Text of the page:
Pain and Gain arrived as a new culture shift happened in mainstream American cinema. People had gotten tired of characters spouting out “that’s so gay!” or endless parades of jokes about gayness as a slur, as seen by the public controversy erupting over similar jokes in movies like The Dilemma. Homophobia didn’t suddenly get erased from all of American cinema, but the days of gay panic jokes did suddenly start to decrease, at least in movies not entitled Get Hard. Even R-rated comedies for teenage and college audiences like 22 Jump Street featured characters being aware of how using homophobic phrases wasn’t cool.

Just as Bay’s 1990s movies tended to reflect fratboy attitudes towards the LGBTQIA+ community, so too did Bay’s post-2013 works suddenly reflect the evolving approach to queerness, both for good and bad. While gay panic jokes were no longer acceptable, mainstream American movies also didn’t replace them with prominent queer representation. There was just now a void where queerness of any kind should go. Thus, Transformers: Age of Extinction pumped the brakes on any kind of references to queerness, which meant no gay panic jokes, but also no attempts to provide positive LGBTQIA+ representation in the franchise. Bay’s 2016 film 13 Hours: The Secret Soldiers of Benghazi was the director’s most solemn film to date, so it had no time for either mockery or acknowledgment of the existence of queerness.

This trend continued with Transformers: The Last Knight and 6 Underground, the latter of which didn’t even use the creative freedom afforded by being released on Netflix as an opportunity to inject an openly queer person into all the Bayhem. Then suddenly ambulance arrived. Almost halfway into the film, the audience meets FBI Agent Anson Clark (Keir O’Donnell), who’s in the middle of a therapy session with his husband. His partner observes how Clark never makes time for him. As if to reinforce this a hundred-fold, Clark suddenly gets a notification about the hostage situation at the heart of ambulance, says he has to go, and, before leaving, kisses his husband on the mouth. None of this, including the smooch, is played for broad comedy.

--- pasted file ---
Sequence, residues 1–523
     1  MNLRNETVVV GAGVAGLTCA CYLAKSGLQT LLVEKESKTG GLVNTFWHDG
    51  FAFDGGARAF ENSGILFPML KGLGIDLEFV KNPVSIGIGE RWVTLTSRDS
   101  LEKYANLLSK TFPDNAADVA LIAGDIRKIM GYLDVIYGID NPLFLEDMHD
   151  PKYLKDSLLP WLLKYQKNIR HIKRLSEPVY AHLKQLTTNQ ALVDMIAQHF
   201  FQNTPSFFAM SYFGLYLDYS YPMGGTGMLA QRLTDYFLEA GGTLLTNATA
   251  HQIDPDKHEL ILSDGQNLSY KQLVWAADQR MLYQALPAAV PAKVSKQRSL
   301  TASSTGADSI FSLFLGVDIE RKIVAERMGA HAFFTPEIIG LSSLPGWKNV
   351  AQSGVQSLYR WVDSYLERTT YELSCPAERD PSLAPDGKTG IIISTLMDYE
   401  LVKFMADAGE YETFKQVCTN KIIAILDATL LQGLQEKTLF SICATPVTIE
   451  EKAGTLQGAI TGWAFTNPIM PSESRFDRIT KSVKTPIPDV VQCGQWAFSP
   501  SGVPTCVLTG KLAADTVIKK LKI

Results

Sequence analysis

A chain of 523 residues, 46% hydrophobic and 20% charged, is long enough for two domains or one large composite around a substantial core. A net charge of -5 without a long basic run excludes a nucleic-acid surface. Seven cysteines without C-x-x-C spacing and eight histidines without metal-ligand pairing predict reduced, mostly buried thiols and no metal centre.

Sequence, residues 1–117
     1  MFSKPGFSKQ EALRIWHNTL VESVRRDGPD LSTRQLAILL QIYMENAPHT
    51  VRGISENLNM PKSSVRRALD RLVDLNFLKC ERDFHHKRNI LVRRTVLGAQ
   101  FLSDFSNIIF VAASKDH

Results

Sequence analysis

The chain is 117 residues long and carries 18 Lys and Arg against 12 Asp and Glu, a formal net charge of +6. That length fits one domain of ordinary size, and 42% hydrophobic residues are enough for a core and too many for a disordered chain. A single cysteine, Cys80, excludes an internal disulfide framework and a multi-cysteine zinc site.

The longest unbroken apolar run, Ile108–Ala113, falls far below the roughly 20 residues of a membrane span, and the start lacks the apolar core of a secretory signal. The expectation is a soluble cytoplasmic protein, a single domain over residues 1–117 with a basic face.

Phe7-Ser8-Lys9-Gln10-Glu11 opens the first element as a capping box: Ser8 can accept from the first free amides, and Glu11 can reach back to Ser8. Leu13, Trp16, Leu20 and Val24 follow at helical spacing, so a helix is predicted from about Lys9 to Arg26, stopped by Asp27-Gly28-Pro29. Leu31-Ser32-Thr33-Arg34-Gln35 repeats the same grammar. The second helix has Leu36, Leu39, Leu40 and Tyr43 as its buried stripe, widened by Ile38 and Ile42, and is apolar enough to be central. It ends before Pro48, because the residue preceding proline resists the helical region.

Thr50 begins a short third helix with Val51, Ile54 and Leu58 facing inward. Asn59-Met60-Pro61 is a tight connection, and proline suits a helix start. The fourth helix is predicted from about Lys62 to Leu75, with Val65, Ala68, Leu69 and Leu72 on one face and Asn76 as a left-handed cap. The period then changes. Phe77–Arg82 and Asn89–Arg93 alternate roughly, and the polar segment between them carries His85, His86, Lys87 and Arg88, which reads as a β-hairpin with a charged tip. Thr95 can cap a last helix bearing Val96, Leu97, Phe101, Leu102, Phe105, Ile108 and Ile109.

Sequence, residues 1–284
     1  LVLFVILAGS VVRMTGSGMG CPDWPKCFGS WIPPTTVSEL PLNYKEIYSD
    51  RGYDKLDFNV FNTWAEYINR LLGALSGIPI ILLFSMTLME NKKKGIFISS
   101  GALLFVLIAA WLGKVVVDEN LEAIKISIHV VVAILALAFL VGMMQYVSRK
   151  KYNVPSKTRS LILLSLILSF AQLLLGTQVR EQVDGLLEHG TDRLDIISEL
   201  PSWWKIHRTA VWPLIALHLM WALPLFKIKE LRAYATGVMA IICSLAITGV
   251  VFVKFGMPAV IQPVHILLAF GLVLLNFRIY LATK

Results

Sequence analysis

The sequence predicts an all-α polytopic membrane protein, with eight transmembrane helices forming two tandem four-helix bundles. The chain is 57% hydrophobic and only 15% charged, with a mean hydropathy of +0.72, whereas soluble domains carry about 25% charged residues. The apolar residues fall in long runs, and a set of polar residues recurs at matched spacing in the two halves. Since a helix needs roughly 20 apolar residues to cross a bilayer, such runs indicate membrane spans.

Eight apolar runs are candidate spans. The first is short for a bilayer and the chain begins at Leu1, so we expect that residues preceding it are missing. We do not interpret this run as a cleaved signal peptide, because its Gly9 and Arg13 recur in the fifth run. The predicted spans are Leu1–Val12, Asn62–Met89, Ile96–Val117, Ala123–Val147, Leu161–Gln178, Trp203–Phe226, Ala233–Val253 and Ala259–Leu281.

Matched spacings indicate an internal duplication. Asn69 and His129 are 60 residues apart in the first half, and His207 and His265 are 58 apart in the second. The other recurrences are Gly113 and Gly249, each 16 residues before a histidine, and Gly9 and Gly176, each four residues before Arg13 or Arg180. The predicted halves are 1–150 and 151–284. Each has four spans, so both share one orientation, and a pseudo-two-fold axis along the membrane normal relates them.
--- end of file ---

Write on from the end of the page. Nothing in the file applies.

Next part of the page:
chris fedak‘s screenplay for ambulance Clark offers a chance to be a human being rather than the kind of caricature that was seen throughout earlier Bay works. Even when he gets into arguments with police captain Monroe (Garrett Dillahunt), their comedic barbs revolve around their differing ages rather than homophobic jabs. Much like how the caricatures in films like rock were emblematic of similar stereotypes popping up all over Hollywood, Clark is a microcosm of how LGBTQIA+ individuals have become more prominent as supporting characters in mainstream 2022 cinema. Titles ranging from scream to Lost City to Doctor Strange in the Multiverse of Madness have featured LGBTQIA+ characters and/or performers, it’s no wonder ambulance also got in on the fun.

In terms of queer representation, ambulance provides a startlingly unexpected but welcome Gallant to compare to the Goofuses of Bay’s filmography, like Bad Boys II. Perhaps this will be an anomaly in Bay’s career, but here’s to hoping it’s not. Maybe someday he’ll provide the same excess to the presence of LGBTQIA+ characters that he constantly delivers regarding explosions and quick cuts. Until that day comes, though, audiences will have to settle for the ups and downs of how Bay has depicted the LGBTQIA+ up to now. It’s an approach that, among other qualities, tends to provide a fascinating mirror to how Hollywood itself has approached queer identity in various modern eras.